Paying the piper | Pakistan Today

Paying the piper

  • PTI government’s failure to reform tax structure shown

The most important feature of the recent disclosure by the Federal Board of Revenue of the taxes paid by the members of the two houses of Parliament, and the provincial legislatures, shows that the tax structure of the country remains unreformed. This was one of the core promises of the ruling PTI, which flowed from its argument that one of the methods of corruption practiced by the elite was to bend the tax laws so they could claim exemptions, and also to make sure that the tax machinery did not press them. That criterion seems to apply to the PTI, where both Punjab Chief Minister Usman Buzdar and Federal Water Resources Minister paid no tax whatsoever. Either the tax machinery is going lightly on them, or the law favours them. It is also interesting that ex-PM Shahid Khaqan Abbasi, who has been repeatedly accused of corruption, has turned out to be Parliament’s highest taxpayer, having paid Rs 241,362,329 in tax year 2018. That compares favourably with the Rs 282,449 paid by Prime Minister Imran Khan that year.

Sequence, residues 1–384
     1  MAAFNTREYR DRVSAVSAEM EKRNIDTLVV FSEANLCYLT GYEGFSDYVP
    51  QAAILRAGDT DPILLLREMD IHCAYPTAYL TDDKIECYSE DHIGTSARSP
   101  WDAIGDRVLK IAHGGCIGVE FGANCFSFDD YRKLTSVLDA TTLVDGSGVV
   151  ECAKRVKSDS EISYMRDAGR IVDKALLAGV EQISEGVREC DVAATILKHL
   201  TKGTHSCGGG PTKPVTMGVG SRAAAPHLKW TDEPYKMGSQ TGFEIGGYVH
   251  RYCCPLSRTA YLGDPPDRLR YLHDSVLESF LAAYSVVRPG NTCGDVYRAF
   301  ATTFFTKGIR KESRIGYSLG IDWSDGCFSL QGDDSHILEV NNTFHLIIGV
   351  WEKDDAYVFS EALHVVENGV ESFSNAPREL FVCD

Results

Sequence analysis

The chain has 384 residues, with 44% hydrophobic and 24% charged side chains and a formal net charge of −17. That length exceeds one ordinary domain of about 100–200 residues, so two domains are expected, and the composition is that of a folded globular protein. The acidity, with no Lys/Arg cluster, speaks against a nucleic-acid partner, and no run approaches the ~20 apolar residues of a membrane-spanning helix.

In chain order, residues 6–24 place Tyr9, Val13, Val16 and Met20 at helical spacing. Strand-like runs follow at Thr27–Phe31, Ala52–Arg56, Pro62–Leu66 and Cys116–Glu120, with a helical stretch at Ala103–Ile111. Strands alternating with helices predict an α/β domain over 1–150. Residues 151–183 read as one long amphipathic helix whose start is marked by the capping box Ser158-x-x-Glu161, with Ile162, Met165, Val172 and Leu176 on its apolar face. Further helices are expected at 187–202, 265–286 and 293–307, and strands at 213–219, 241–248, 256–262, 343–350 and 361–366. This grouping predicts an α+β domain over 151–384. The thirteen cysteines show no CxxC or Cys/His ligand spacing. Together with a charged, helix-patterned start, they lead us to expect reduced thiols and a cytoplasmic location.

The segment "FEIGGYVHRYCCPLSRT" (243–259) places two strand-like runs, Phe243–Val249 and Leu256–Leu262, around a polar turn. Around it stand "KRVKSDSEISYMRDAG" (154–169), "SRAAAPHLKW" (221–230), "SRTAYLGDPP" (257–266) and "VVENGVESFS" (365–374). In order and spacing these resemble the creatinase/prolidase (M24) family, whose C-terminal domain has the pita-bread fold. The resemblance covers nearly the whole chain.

Instead of reforming the FBR, the government seems to be turning it for use against political opponents, as is shown by the order showing back taxes of Rs 35 million against Mrs Sarina Isa, the wife of Mr Justice Qazi Faez Isa, against whom the government proceeded in the Supreme Judicial Council. This might show that the government will lessen its reliance on NAB, against which the Supreme Court recently passed strictures.

The failure of Mr Buzdar to pay taxes is probably because he availed the exemption of agricultural income from federal income tax. Some small amount is charged per acre, but if agricultural income was duly taxed, with cultivators allowed to claim exemptions for their expenses, a huge amount could be raised, and a large number of people brought within the tax net. However, not only has the PTI government failed to reform this loophole, but it seems that its members are still using it. It is also subject to abuse, as people with both agricultural and non-agricultural income, show money otherwise earned as agricultural income. The FBR seems destined to remain unreformed, being useful that way.